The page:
Protest group says police kept them away from service

A procession from King's Lynn Town Hall to Lynn Minster for the Annual High Sheriff of Norfolk justice service. Picture: Matthew Usher. A procession from King's Lynn Town Hall to Lynn Minster for the Annual High Sheriff of Norfolk justice service. Picture: Matthew Usher.

Tuesday, March 4, 2014
9:10 AM

A planned protest in King’s Lynn by the New Fathers 4 Justice campaign group failed to materialise because activists were stopped and delayed by police en route, it was claimed today.

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The group, which campaigns for the rights of fathers to see their children, planned to target the traditional justice service at King’s Lynn Minster on Sunday.

The activists aimed to protest as the procession of judges walked past from the town hall to the minster, but the event attended by Norfolk’s High Sheriff, the Countess of Leicester, and distinguished guests from the legal profession went without a hitch.

A spokesman for New Fathers 4 Justice said: “The two activists that were coming to King’s Lynn were stopped and had their camper van searched on the A47 between Peterborough and Wisbech at about 9.20am on Sunday.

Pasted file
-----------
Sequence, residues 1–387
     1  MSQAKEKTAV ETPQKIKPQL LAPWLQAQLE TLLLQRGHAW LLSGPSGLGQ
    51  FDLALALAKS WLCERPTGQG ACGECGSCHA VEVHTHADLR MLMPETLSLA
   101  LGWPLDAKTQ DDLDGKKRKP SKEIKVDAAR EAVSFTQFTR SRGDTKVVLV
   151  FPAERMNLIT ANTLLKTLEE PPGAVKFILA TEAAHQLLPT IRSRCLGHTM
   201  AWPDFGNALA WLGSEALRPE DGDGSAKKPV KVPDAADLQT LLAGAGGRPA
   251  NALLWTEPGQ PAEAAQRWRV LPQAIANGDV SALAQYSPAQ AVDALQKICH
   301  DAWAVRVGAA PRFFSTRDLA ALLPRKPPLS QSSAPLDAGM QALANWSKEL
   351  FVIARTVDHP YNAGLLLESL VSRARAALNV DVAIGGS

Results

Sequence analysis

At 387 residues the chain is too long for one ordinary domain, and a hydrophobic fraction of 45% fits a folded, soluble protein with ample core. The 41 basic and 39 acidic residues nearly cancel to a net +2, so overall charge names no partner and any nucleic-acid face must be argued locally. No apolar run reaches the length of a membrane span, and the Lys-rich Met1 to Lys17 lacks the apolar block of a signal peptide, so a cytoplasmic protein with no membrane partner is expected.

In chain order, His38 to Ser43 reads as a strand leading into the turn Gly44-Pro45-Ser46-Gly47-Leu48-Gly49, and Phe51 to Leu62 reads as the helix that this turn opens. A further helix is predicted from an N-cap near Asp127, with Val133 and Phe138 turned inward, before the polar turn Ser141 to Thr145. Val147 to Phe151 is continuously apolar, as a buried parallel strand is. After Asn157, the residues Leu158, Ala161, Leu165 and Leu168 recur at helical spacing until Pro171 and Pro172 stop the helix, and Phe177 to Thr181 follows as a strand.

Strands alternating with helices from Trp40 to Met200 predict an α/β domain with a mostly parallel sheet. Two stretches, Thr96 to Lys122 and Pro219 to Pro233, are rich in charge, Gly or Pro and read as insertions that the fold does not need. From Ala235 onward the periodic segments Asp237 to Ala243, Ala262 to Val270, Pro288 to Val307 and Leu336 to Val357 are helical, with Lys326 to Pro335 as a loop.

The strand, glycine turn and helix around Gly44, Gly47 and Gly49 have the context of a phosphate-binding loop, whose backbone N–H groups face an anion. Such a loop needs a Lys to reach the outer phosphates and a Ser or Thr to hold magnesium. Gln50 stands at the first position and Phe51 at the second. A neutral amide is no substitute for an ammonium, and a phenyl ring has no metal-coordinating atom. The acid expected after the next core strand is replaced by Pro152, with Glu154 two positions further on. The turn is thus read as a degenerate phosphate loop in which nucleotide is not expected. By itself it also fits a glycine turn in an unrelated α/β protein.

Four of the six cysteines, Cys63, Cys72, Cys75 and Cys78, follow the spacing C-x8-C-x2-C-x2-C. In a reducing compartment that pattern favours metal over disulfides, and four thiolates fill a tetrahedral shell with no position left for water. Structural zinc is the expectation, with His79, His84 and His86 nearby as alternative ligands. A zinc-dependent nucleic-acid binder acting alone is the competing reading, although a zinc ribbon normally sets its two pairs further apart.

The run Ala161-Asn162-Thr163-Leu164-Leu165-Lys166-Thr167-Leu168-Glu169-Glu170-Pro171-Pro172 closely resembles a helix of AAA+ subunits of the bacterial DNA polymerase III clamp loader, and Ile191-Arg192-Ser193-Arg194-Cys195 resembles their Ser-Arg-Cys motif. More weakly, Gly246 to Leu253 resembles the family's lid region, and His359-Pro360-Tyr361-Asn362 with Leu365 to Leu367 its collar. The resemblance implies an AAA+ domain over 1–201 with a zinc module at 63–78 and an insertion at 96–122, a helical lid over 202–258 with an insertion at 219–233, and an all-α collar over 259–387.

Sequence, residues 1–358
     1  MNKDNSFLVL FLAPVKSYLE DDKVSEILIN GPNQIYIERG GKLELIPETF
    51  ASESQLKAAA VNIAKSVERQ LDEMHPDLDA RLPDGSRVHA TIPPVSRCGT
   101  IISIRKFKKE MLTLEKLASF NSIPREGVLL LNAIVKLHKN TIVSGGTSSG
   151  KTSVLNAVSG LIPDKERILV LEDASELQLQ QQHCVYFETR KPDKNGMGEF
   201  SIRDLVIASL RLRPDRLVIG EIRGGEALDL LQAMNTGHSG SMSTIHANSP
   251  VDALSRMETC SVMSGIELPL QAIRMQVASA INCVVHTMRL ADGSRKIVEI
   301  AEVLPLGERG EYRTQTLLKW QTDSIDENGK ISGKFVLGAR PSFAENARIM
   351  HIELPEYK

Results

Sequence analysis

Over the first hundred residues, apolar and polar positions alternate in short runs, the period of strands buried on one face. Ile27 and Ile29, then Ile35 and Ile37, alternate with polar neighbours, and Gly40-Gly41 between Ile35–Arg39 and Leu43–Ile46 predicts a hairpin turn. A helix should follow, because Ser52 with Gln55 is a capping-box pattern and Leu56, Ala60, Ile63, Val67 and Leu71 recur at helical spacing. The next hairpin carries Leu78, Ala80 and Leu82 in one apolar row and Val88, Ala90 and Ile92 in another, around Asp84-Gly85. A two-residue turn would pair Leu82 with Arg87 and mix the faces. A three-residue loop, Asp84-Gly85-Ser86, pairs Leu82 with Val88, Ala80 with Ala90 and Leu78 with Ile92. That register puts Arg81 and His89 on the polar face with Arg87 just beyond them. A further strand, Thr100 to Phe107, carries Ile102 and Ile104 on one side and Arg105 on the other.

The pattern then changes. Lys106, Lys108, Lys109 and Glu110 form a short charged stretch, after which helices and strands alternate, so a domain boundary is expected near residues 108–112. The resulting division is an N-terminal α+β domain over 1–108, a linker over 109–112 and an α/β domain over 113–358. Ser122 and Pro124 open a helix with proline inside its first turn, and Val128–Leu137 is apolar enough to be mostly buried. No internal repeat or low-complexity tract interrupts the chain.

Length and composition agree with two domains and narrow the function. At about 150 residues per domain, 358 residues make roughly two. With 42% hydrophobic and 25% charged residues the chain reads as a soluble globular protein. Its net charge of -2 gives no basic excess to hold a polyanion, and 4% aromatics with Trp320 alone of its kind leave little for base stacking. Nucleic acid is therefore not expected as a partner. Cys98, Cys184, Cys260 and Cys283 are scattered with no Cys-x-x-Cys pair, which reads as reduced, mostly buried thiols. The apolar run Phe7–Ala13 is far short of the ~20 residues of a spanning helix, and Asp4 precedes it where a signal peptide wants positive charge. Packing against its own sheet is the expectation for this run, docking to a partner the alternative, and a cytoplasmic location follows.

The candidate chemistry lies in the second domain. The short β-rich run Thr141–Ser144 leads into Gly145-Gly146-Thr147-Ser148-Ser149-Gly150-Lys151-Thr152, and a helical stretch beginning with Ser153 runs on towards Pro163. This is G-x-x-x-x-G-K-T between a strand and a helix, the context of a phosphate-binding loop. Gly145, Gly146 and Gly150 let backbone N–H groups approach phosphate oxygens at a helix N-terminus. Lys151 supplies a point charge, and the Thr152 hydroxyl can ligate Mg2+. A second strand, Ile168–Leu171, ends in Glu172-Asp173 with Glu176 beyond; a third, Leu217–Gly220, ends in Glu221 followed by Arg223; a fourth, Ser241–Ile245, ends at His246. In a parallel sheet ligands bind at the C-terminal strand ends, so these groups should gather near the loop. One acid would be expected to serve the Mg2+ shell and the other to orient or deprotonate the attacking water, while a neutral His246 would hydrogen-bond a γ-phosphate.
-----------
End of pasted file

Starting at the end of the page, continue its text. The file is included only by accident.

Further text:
“Police said they were stopped due to intelligence received. The activists had their superhero suits inside and a ladder on top and they were delayed so long that they stood no chance of making the procession.”

A Cambridgeshire police spokesman said he could not confirm the incident

New Fathers 4 Justice is not affiliated with Fathers 4 Justice (F4J) UK, and still uses the superhero costumes in its protests unlike the original group.

Norwich activist Barry Milner said that protesting was “the only way anyone takes any notice of our message”.

He added: “David Cameron and the Tories have still not done anything to give fathers any legal rights to see their children. The government needs to act, words will no longer do.

“We want nothing less than a legal presumption of 50/50 contact for a child with their parents if they split up.”

The service on Sunday was attended by Norfolk’s police and crime commissioner, Stephen Bett, Lord Lieutenant Richard Jewson, and coroner Jacqueline Lake, among others.

Mayor’s officer Kelly Seaman said: “It was a very enjoyable day, and a great number of people commented on how well the procession had gone, what a great service it was, and what a great event.”

Are you planning a protest? Email reporter David Bale at david.bale2@archant.co.uk

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